Alliteration, Assonance and Onomatopoeia
Writers use figures of speech to add meaning to the text they're writing. These techniques engage the reader's interest using sound and imagery or by sequencing and contrasting ideas, in order to increase the effectiveness of the writer's words in conveying meaning.
There are many different forms of figures of speech. It's important that you recognise the most common ones so that you can demonstrate your knowledge and understanding when you are discussing a piece of writing. We are going to take a look at various figures of speech and then test what you have learned.
Alliteration is the repetition of the same first sound in a group of words in succession for emphasis.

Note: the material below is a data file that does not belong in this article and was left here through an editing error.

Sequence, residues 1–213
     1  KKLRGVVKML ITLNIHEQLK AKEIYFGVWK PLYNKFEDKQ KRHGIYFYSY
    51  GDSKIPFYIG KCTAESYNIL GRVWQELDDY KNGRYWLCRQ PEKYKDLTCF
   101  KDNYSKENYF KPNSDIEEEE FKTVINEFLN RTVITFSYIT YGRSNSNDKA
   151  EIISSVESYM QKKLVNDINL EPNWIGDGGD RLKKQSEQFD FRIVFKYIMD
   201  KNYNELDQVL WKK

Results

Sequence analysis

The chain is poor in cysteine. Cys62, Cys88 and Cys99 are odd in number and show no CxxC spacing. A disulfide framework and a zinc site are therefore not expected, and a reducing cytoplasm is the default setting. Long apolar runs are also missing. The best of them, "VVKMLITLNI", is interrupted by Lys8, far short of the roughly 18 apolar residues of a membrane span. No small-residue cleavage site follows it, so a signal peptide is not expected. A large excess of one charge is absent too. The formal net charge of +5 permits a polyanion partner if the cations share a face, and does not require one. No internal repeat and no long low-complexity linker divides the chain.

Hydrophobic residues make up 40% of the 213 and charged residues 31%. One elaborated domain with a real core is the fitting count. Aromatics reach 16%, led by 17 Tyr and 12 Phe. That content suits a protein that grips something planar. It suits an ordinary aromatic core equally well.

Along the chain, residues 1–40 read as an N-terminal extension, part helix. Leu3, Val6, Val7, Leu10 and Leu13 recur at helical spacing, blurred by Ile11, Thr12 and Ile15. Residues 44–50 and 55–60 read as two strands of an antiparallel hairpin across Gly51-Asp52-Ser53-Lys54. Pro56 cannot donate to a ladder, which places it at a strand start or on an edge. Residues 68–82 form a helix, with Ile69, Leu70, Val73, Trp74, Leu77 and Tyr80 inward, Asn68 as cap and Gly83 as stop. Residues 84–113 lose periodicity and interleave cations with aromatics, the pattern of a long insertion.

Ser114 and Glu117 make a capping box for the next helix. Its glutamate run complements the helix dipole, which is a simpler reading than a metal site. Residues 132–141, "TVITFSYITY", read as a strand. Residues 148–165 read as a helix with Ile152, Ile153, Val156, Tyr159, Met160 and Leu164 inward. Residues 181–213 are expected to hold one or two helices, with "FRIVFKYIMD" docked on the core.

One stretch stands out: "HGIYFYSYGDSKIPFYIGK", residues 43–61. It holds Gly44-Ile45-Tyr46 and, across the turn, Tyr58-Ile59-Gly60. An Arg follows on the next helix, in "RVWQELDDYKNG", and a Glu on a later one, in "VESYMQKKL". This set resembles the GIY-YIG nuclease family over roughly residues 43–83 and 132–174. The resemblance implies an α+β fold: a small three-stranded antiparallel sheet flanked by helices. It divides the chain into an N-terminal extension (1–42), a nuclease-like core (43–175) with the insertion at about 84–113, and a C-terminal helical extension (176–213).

'Everyone knew big, bold Billy from Brighton.' The repetition of the 'b' sound reinforces our image of Billy and makes the associations of 'big', 'bold' and 'from Brighton' more memorable.
"Tyger, Tyger burning bright."
Assonance is the repetition of identical or similar vowel sounds in a group of words.
'His father's car is a Jaguar.'
'How now brown cow.'
This figure of speech applies when the sound reflects sense or meaning. The word then sounds like its meaning.
'The leaves rustled in the wind.' The word 'rustled' reflects the sound leaves in a tree make in a breeze.
'The hum of the bees.'
Now it's your turn!